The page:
The flavour of Kolkata

The flavour of Kolkata
The bridge, the river and kids' play. Brilliantly captured by Sujay Kumar Das.

Saturday, January 28, 2012

Dining at Barbeque Nation

It was a ‘delicious’ conclusion of 2011, thanks to the office lunch at Barbeque Nation, the tandoori speciality restaurant of the well-known national chain at Sector V, Salt Lake on the new year eve. Their offering at the lunch comprises of unlimited kebabs as starters served at individual tables, followed by the main course spread out at the buffet table. The arrangement is the same as Flame n Grill, the tandoori speciality restaurant from the famous Specialty group of Restaurants with chains like Mainland China, Oh Calcutta!, Sigree and others.

Each table has a grill at the centre, which is switched on when guests arrive, whereupon the waiters place the kebab sticks with steaming hot kebabs. One picks them as and when he / she feels like, or turn the stick to avoid burning of the kebabs. There is a flag at each table. The rule is that until a guest puts it down, the waiters will keep refilling the grill.

The non-veg kebabs were Parash Chicken, Sociaty Fish, Pesto Prawns, Lebanese Seek Kebab (Mutton) and Murgh Jeera Tangri (Chicken legs). There’s a complimentary (non-alchoholic) drink too, unlike Flame n Grill (hereafter mentioned as F&G). We chose fresh lime soda. Just like our two office dinner outings at F&G at Park Street, almost all of us in the group kept on gorging the kebabs to the heart’s content, without much of a thought for the main course. In fact many had already decided beforehand to skip it and head straight for the desserts table when they would have had their fill of kebabs.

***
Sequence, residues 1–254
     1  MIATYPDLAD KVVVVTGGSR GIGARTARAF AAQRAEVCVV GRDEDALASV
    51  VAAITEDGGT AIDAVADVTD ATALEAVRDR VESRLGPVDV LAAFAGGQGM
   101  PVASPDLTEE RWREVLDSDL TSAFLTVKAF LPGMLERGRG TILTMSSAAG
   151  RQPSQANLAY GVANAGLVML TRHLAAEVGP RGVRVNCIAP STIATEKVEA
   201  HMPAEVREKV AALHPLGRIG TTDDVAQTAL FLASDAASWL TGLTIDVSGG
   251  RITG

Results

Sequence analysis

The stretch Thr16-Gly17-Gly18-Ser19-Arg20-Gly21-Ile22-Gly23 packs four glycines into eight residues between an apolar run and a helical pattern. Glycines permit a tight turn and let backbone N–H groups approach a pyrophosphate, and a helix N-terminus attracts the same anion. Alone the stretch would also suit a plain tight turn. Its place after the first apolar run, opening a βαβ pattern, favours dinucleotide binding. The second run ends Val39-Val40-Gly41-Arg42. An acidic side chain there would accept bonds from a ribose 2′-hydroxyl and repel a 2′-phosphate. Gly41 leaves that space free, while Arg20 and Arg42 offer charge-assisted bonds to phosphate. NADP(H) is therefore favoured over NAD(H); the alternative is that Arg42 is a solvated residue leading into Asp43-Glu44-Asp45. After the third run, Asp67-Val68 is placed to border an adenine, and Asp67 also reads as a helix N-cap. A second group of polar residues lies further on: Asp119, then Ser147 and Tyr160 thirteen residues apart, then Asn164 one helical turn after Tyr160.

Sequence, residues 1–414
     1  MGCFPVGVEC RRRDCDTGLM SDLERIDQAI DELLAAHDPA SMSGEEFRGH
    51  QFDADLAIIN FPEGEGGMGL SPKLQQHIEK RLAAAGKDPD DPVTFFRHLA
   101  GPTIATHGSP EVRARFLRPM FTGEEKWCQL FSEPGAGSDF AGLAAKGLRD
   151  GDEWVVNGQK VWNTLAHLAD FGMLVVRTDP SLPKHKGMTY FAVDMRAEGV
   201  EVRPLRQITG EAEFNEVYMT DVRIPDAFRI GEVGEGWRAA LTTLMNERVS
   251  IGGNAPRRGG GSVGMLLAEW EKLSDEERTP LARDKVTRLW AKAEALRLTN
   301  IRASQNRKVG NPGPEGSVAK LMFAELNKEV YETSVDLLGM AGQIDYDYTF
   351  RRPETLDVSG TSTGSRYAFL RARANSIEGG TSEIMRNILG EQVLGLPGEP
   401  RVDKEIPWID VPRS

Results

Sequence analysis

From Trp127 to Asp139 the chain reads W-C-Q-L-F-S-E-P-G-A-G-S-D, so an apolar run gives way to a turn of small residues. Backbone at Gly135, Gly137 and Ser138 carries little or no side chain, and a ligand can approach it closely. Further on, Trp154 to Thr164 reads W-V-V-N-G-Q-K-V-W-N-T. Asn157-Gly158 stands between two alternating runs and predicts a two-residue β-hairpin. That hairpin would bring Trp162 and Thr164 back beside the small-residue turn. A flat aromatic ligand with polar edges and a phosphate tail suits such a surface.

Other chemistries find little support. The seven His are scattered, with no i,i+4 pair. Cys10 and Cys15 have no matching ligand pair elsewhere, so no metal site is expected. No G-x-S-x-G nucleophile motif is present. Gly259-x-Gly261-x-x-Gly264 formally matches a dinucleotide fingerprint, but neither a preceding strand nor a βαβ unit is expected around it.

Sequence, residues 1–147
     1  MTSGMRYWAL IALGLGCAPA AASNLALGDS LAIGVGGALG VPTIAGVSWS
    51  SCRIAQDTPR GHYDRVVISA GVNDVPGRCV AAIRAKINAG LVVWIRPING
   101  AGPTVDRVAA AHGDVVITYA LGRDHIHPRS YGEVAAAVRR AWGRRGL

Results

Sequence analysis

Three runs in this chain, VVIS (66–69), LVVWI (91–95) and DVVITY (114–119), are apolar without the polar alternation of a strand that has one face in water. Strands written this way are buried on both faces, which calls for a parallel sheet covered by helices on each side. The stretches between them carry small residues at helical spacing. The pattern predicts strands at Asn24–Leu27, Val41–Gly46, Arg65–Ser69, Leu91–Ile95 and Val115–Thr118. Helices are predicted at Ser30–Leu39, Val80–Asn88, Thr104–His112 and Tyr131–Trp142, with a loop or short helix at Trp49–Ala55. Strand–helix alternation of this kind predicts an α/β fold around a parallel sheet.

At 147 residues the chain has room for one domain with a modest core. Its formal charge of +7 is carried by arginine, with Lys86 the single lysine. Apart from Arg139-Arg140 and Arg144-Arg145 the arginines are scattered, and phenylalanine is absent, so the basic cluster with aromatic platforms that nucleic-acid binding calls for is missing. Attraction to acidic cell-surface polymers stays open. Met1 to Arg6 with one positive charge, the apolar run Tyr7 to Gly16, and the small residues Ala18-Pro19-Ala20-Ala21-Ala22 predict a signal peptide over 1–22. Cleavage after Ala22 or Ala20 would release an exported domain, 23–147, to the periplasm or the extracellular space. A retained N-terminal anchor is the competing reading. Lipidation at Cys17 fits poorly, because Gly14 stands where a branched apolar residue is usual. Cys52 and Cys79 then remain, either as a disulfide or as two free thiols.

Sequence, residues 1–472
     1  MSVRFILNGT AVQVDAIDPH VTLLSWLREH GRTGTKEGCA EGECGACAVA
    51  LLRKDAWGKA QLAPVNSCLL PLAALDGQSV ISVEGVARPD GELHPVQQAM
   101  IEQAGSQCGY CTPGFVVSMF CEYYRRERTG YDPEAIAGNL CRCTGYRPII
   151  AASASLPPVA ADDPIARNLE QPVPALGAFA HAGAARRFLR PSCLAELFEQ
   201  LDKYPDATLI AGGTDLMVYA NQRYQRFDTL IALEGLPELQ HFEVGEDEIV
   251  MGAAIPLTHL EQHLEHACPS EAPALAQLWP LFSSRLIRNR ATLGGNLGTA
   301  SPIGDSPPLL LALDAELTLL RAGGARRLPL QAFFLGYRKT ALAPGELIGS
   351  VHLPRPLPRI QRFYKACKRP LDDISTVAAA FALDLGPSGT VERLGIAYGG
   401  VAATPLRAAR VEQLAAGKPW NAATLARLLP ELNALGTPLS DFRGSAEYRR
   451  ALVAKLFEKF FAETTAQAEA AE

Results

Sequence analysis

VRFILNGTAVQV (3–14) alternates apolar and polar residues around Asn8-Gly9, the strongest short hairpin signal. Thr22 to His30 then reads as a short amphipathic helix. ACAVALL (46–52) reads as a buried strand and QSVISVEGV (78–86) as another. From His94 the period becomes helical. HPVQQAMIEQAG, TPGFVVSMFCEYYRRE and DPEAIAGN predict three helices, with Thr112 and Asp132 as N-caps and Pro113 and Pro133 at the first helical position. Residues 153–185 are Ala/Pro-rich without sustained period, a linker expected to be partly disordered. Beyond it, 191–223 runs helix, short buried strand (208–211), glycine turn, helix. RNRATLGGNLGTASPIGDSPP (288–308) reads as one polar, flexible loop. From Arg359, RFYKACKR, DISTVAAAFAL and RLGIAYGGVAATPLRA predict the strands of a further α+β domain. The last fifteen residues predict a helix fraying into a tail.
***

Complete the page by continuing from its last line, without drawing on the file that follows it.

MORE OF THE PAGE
The kebabs were all yummy and perfectly done. The soft and succulent Sociaty Fish easily topped the charts, closely followed by the juicy Parash Chicken. Taste-wise the kebabs match F&G, only the mutton kebab (Lebanese Seek Kebab) is much better and the fish kebab has a slight edge too. This considering F&G does a really good job with fish kebab. There are six types of not-so-common sauces to go with the kebabs kept on the tables.

The main course was widely laid out with plenty of choices in veg and non-veg, including a variety of salads. After the two F&G experiences where I flew with the tide, I had decided not to go overboard with the kebabs. Now, with limited space in the stomach (How much control can you exercise anyway seeing the kebabs placed before you over and over again?) I first tried the Non-veg Dum Biriyani and the ghosht (a mutton gravy dish), planning to come back later to the Mahi Rezala. The biriyani was good, though not a match to the best in the city (Read Arsalan, Aliah et al). The ghosht was good too. But the rezala put me off royally. Not only that the soup was a mess, they cooked the dish with……..FISH!! And the fish tasted like it was fried not long before being put in the rezala.

At the dessert table a big hit was the hot baby gulab jamuns (slightly larger than kofta balls). Looked like the guys in the group were picking not less than 15 pieces at a time, many topping their ice cream with it. I don’t really have a thing for hot gulab jamun, so it was the firni (in small matkas), a scoop of vanilla ice cream with chocolate sauce and a slice of date walnut cake for me. Wasn’t disappointed. The boss liked the coconut jam cake.

All this at Rs 575 (including taxes)! Value for money indeed for any kebab lover with an average appetite that can take up a reasonable gastronomic challenge.

On service front, F&G has an edge though. The replenishment of the kebabs was a bit slow. The Parash Chicken arrived much later. But you would tend to consider this a minor blemish given the taste of the food, especially the core offering – the kebabs. Barbeque Nation is a definite recommendation.